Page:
Kerala needs a long-term intervention strategy based on predictive modelling to deal with the impact of climate change, noted agriculture scientist Kadambot H.M. Siddique said here on Friday.
Addressing a gathering of teachers and students at the College of Agriculture, Vellayani, Professor Siddique, who holds a chair in Agriculture at the University of Western Australia, said the State could make use of the models developed by the UN Intergovernmental Panel on Climate Change (IPCC) to develop a long-term programme to combat climate change.
“We assume the climate is going to change in the State over the next 30 years. We do not know, we can only wait and see, but that will lead to a lot of damage. The IPCC models will help assess the impact of climate change on rice production or farm-holding income and devise an appropriate interventional strategy. You have to have socioeconomic and biophysical modelling to understand the different dimensions of the threat,” Prof. Siddique said.
Mr. Siddique was given a warm welcome at the college of agriculture where he graduated, way back in the seventies. Sverup John, College Dean and Stephen Devanesan, Principal Scientist, All-India Coordinated Research Project on Honeybees and Pollinators, were present.
Prof. Siddique stressed the need for a long-term plan to deal with the problems faced by Kerala in the agriculture sector. “A multi-dimensional task force can identify the problems and come up with strategies to address agricultural problems, socioeconomic challenges, labour issues, introduction of new varieties etc. Highlighting the need to adopt new technology, he said, “if we continue on the same path, we will not reach anywhere. Instead of blaming GM (genetic modification) technology, let us do what we can.”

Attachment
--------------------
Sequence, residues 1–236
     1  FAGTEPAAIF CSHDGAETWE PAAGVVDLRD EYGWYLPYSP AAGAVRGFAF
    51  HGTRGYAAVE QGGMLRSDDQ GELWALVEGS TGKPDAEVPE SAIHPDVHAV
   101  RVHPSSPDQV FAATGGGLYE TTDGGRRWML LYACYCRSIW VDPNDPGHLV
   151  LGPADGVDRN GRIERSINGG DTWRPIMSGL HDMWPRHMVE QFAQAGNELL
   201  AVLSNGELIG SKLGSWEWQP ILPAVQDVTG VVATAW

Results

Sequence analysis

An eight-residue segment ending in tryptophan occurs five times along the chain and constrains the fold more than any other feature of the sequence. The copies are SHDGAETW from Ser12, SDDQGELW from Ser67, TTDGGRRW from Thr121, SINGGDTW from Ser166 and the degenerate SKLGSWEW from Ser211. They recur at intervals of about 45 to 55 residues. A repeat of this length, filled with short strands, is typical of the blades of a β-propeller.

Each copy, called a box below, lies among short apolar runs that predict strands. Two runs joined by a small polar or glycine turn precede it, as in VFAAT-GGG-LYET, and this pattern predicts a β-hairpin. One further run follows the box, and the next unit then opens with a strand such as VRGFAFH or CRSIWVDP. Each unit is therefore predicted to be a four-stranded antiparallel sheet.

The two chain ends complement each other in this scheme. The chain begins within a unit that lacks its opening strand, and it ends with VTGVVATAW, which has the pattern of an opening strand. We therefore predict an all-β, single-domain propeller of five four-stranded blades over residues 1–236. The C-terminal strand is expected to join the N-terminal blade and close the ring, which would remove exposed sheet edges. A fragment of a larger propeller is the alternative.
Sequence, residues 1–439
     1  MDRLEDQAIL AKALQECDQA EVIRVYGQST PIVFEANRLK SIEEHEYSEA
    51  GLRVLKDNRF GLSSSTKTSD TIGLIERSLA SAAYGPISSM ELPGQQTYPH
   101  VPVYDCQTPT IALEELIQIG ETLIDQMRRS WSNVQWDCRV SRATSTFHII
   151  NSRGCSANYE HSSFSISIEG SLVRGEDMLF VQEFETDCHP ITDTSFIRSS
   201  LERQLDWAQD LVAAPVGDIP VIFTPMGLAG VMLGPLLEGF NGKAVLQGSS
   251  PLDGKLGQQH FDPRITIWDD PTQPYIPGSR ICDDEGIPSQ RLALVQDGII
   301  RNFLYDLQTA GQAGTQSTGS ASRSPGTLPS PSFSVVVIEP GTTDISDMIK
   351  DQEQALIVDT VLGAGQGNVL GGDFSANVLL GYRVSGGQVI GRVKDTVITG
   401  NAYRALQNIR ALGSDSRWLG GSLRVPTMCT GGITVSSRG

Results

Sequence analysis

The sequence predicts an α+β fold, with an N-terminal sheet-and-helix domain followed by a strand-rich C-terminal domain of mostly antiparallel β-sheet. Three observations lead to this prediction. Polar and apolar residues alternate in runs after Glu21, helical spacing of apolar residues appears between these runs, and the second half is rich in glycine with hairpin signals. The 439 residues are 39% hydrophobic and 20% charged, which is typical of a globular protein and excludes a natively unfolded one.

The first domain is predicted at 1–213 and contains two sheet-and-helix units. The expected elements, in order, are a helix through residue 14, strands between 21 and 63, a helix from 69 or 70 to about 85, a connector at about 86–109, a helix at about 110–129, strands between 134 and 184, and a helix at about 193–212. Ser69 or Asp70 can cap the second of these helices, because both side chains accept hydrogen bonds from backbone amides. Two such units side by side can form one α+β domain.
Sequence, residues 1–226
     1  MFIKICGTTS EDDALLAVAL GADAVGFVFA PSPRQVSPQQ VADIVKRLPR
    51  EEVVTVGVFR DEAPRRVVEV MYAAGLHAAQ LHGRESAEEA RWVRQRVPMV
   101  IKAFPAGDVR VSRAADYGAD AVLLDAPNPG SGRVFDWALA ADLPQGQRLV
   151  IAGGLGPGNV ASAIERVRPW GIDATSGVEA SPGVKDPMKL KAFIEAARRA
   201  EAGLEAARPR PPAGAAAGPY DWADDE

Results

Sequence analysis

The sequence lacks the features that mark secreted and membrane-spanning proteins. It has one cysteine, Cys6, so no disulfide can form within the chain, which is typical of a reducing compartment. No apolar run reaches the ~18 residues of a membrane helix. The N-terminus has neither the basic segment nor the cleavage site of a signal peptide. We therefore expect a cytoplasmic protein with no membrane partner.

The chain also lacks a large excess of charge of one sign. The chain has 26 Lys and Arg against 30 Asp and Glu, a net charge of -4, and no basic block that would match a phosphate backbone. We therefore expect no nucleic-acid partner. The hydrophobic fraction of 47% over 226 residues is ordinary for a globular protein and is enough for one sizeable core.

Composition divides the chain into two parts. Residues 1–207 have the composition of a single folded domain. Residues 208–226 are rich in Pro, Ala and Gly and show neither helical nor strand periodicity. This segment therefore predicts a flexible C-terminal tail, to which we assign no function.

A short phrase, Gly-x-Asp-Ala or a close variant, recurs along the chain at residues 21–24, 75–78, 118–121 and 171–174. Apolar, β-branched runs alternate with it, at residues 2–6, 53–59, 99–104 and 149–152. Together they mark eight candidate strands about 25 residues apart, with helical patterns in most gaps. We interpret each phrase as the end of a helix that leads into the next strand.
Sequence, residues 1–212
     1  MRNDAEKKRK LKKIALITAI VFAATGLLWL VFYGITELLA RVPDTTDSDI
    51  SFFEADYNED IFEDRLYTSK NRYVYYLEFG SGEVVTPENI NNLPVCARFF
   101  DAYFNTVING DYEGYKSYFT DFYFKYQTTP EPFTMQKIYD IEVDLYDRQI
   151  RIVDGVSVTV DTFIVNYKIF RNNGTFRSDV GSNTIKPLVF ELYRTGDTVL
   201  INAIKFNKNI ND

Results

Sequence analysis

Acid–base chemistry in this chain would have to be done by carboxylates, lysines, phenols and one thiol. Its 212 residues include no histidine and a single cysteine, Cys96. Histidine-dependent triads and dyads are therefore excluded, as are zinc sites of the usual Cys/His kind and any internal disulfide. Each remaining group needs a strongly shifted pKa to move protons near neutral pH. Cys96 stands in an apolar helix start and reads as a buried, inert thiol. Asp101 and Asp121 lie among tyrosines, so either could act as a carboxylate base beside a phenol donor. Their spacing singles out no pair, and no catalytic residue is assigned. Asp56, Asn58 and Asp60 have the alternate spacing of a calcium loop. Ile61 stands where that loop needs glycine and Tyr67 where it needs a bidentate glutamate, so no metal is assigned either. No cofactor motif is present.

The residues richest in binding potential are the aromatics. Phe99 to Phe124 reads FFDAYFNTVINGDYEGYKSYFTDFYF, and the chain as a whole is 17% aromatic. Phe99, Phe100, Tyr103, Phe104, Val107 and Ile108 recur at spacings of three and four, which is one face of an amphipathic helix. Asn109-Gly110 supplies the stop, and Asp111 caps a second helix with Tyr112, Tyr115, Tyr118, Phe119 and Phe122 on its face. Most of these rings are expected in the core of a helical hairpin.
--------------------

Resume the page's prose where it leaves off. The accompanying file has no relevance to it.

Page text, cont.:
He also underlined the need to bring politicians on board on important issues like adoption of new technology and adaptability to climate change.
He proposed a participatory system involving farmers, scientists and policymakers to help Kerala cope with the challenges posed by declining crop yield, poor soil health and resistance to new technology. “Farmers have to be involved in the development of technology. A grassroots level approach will ensure that technology is not isolated,” he said.
He said the Climate Champion initiative in Australia held a lesson for Kerala. “Essentially, farmers, the climate champions, are developing strategies to combat climate change with existing technology. They also bring researchers on board, so that over a period, something is achieved,” he said.
Expressing reservation over the decision to start new universities for Fisheries and Veterinary Sciences in Kerala, Prof. Siddique feared it would affect the multi-disciplinary approach to education. “Three universities mean three Syndicates, three Senates and three Vice-Chancellors with no significant gain. In Australia, we do not have an agricultural university. Federal funding based on academic excellence is essential for universities to thrive,” he said.
Acknowledging the academic quality of the students and staff at the College of Agriculture, he called for steps to improve infrastructural facilities. “You cannot work on a shoestring budget,” he said.
Keywords: climate change